It is ironic that the rulers, whether they are in Pakistan or United States, have been playing a power game, as the innocent and law-abiding citizens have beome victims of the after-effects of their game. In Pakistan the rulers are still busy in this power struggle, but the terrorists have been gaining strength. The rulers have still been discussing the issue as who will be the next rulers, but the terrorists have moved all the closer to the corridor of power.
There are stills report of deals among the politicians. According to a newspaper comment: General Pervez Musharraf has made seven amendments to the Constitution as a prelude to a possible lifting of the Emergency under pressure from the United States. The amendments lock the system set up under Emergency in place in such a way that he doesn’t need the Emergency any more. In other words, he has used the powers of the Emergency to amend the laws before lifting the Emergency. He is also said to be ready to take off his COAS uniform and be sworn in as a civilian president on Saturday or Sunday after the new post-PCO Supreme Court rejects the petition challenging his re-election. Meanwhile, in Washington, President Bush has gone back to his refrain that “Musharraf is a man of his word and truly believes in democracy” after the Negroponte visit during which some “arrangement” must have been agreed. The PPP, meanwhile, continues to resist the opposition proposal to jointly boycott the January elections.
Out of the seven amendments, the following are important as they put the system on “auto-pilot” after his leaving the helm of affairs, compelling the army to defend it in the name of defending the Constitution. An Amendment to Article 186(a) empowers the Supreme Court to withdraw and “dispose of” any case, appeal or other proceedings pending before a High Court. Previously, the apex court could only transfer any case, appeal or other proceedings pending before any high court to any other high court.
A new article (270AAA) is added to the Constitution to validate the proclamation of Emergency, promulgation of the PCO and all acts done on, or after, November 3. An Amendment to Article 270(b) validates the general elections to be held in 2008. An Amendment to Article 270(c) qualifies the superior court judges who have taken oath under the Oath of Office (Judges) Order of 2007 to have been appointed under the Constitution, and declares those who have not taken oath under the order to have ceased to hold the office of a judge. Significantly, the amendments do the job that Emergency was supposed to do, namely, fix the Supreme Court. Now that the Supreme Court can take care of all cases not filed at it, but which it feels impinge on the new order of things, the lawyers can no longer shake the edifice of Musharraf’s power. It is also expected that he will make his peace with the ousted TV channels in the coming days.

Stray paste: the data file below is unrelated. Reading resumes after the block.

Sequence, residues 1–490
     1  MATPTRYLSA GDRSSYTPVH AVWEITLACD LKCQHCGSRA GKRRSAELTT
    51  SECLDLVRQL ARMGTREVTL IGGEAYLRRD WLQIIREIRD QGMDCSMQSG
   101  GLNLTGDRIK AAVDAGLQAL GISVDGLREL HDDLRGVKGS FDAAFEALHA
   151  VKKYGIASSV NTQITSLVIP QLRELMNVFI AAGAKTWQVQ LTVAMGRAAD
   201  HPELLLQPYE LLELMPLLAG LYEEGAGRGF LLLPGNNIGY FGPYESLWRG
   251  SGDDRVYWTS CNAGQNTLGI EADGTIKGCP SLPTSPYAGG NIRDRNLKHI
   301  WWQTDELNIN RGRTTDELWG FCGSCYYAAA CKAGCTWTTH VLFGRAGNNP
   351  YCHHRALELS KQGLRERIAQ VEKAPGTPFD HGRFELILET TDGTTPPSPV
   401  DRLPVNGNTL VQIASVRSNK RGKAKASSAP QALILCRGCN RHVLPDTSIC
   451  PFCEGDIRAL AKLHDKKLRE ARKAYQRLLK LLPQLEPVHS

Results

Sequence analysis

After securing the system against any kind of “democratic” assault, he will hardly need the Emergency to which the world is so allergic. He has given himself the power to lift the Emergency as a civilian president. He has also asked the Commonwealth summit at Kampala to “hold on” for a few days and not blackball Pakistan. Why has he done that? He wants to clear the bill of demands sent in by the Commonwealth: removal of Emergency, civilianisation of the presidency after resigning as the COAS, holding of elections on the due date, and restoration of the freedom of the media and human rights. This is also the roster of demands from the rest of the world. And this may be about to be fulfilled in letter if not in spirit.
The United States and countries of the Commonwealth have to think up new “conditionalities” to nail General Musharraf. They could consult with the opposition parties in Pakistan and demand that he leave the scene and hand over the country to a “national government” after restoring the pre-PCO Supreme Court. But from the way President Bush has made his latest “assessment” of the character of General Musharraf, and the way the Commonwealth looks at the situation in Pakistan, this may not happen. Meanwhile, Washington may pursue its agenda of putting together a liberal “deal” between Musharraf and the PPP with renewed vigour after the Emergency is lifted. Is the PPP waiting for the deal while it delays its decision on the election boycott?
The PPP began with demands that Musharraf could have met easily, but what ensued after Ms Bhutto’s arrival was a quickly deteriorating verbal jousting. She had asked him to take off the uniform at first; later the list of demands swelled and began to look the demand made by the opposition parties. It is quite possible that the general may relent also on the question of local governments, and if he also suspends them, the PPP will start looking unfair in its preconditions of participation in the elections. One must understand that “power-sharing” was never clearly defined — was it before the polls or after? — and the real sticking-point was the PPP’s participation in the elections. If the party still wants to take part in the election it can do so under protest at the “unwise” choice of the caretaker government by the general. Once that decision is made, the rest of the opposition — which is filing its papers at the Election Commission anyway — is bound to follow suit. Interestingly, all of them have given statements both in favour of a boycott and in preparation for the elections.